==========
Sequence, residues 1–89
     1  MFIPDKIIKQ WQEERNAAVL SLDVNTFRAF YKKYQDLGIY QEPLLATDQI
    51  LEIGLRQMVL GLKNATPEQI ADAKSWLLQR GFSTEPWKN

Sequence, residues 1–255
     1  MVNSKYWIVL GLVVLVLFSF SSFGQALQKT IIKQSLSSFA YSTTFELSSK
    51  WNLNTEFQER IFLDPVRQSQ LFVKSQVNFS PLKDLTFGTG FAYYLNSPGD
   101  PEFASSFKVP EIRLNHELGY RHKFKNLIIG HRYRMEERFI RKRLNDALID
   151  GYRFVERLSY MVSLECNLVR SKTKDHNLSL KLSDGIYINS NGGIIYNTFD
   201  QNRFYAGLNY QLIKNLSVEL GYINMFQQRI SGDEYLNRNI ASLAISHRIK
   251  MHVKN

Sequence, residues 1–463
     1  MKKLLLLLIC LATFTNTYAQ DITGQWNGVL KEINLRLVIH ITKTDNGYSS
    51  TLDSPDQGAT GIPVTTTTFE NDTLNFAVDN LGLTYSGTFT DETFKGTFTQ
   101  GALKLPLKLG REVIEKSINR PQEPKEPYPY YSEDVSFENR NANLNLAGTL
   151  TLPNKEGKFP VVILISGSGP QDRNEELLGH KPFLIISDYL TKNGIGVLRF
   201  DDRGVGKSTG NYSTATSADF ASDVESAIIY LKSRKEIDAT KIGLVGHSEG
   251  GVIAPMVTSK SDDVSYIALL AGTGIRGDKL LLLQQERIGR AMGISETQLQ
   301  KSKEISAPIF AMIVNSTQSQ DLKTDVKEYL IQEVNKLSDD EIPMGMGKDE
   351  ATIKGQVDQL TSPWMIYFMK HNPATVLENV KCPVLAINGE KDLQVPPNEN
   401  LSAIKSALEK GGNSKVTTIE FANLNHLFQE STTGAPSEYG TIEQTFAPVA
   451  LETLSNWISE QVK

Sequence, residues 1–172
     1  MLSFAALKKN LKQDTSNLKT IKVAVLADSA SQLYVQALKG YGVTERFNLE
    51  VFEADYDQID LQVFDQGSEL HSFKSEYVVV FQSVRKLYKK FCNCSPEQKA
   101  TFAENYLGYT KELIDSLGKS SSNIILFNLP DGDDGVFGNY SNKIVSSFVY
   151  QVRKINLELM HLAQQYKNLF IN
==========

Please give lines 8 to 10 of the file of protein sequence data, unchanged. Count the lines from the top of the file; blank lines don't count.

   151  GYRFVERLSY MVSLECNLVR SKTKDHNLSL KLSDGIYINS NGGIIYNTFD
   201  QNRFYAGLNY QLIKNLSVEL GYINMFQQRI SGDEYLNRNI ASLAISHRIK
   251  MHVKN